Growing rhetoric and anticipated deployments occur at a time when the president is trying to turn the caravan into a key electoral issue just a few days away from the legislative elections that will determine whether Republicans retain control of Congress.

"This will be a choice about (Judge Brett) Kavanaugh, the caravans, the rule of law, the tax cuts and, you know what else? It will be a choice of common sense, "Trump said at a rally on Saturday night in Illinois.

Kavanaugh was confirmed to enter the Supreme Court, but previously a controversy broke out after a former schoolgirl who accused him of sexual misconduct.


The president continued with his threats

when he tweeted, without evidence, that "many gang members and some very bad people are mixed in the caravan that goes to our southern border."

"Please turn around," he exhorted, "they will not be allowed to enter the United States unless they go through the legal process. It is an invasion of our country and our Army is waiting for you! "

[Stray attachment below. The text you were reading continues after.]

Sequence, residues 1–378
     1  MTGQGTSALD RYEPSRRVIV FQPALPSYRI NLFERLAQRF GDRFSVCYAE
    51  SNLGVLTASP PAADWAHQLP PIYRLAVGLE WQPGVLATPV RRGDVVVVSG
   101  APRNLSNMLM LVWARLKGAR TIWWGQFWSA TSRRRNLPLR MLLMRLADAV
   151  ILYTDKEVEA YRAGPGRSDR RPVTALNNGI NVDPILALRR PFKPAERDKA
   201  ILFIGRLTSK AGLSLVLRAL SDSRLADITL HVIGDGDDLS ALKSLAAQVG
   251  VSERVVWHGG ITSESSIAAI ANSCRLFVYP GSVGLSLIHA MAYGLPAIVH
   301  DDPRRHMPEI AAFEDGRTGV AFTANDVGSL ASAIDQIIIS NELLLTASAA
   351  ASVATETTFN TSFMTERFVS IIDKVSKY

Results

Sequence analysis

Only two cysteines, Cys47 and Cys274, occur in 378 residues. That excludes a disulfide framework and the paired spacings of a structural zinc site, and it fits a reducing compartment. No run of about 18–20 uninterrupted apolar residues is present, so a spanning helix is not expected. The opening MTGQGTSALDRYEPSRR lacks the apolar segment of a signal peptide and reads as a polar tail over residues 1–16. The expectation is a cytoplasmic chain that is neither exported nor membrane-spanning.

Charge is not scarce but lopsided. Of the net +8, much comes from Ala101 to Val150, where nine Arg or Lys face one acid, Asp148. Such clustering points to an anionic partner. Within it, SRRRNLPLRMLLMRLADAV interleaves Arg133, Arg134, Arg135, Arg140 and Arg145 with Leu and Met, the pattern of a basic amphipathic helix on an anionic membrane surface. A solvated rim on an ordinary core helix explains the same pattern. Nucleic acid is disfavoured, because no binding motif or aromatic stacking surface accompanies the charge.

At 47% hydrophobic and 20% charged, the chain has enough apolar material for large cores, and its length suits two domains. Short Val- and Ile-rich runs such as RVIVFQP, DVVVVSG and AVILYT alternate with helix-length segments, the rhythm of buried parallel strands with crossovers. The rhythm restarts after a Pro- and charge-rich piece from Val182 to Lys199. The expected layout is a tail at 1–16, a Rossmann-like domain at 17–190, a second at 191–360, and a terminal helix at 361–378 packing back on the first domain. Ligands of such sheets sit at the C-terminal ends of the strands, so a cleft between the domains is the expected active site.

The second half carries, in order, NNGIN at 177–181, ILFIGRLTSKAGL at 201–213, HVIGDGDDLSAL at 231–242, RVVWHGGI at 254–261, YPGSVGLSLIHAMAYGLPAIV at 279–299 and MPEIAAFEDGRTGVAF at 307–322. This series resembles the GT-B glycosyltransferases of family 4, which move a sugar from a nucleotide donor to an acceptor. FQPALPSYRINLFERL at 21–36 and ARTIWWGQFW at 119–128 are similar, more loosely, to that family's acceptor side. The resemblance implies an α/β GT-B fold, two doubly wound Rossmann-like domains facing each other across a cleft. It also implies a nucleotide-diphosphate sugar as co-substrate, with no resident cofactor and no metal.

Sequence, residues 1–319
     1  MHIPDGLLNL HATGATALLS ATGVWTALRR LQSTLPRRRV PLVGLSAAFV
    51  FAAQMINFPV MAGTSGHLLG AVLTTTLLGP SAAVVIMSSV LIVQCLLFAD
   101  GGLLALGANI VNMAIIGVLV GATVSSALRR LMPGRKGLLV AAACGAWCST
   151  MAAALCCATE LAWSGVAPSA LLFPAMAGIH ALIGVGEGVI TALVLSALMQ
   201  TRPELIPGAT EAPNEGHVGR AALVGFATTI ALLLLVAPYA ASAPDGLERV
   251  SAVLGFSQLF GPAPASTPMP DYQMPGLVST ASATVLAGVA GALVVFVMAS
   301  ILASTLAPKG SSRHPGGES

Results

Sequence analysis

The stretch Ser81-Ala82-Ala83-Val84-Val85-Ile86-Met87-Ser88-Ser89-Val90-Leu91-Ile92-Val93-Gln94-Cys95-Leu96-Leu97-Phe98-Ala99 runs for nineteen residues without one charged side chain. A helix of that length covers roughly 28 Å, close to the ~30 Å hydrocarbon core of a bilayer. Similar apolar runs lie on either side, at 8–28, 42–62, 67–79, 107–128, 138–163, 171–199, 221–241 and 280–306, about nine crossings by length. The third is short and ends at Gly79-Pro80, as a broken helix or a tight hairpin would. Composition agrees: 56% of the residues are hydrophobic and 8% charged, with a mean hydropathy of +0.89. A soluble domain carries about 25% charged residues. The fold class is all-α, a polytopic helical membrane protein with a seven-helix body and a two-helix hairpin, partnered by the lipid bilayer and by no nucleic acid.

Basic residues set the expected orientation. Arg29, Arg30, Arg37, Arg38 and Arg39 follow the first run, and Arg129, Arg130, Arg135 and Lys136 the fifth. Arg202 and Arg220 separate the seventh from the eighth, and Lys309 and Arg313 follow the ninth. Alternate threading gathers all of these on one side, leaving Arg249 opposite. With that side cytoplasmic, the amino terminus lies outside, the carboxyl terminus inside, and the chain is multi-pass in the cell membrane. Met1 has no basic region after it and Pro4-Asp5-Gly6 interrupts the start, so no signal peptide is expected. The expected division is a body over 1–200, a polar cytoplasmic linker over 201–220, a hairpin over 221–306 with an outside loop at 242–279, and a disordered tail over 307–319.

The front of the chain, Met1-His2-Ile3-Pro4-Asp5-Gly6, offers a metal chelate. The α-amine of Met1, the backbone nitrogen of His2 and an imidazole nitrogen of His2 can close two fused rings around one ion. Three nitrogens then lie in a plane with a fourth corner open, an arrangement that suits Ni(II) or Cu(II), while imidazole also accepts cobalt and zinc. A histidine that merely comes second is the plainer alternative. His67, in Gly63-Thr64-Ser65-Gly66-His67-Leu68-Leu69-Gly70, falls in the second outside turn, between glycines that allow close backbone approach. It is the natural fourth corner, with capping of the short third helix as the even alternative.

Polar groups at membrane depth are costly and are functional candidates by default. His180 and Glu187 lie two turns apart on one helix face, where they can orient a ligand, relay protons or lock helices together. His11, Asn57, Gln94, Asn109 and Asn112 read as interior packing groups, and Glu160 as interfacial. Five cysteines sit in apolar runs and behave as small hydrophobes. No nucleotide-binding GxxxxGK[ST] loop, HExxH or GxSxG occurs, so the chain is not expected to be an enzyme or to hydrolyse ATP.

Trump's obscure description of the caravan distorts the fact that any of the migrants who complete the long journey to the border already face a series of complicated obstacles, both physical and bureaucratic, before being allowed to enter the United States. . US and international laws give migrants the right to apply for asylum, but doing so may take time. There is already a bottleneck for asylum seekers at several border crossings, and in some cases the waiting list is up to five weeks.

A possible announcement by Trump about additional border measures was tentatively scheduled for today, government officials had said, but the president insisted instead on traveling to Pittsburgh, where an armed man killed eleven people on Saturday inside a synagogue. , in what is believed to be the most deadly attack against Jews in the history of the United States. The presidential spokeswoman, Sarah Huckabee Sanders, did not answer the questions about the caravan and possible border measures.

"We have several options on the table," he said, emphasizing that he would allow the public to know about any speech on immigration matters, but that at the moment he had no knowledge of any.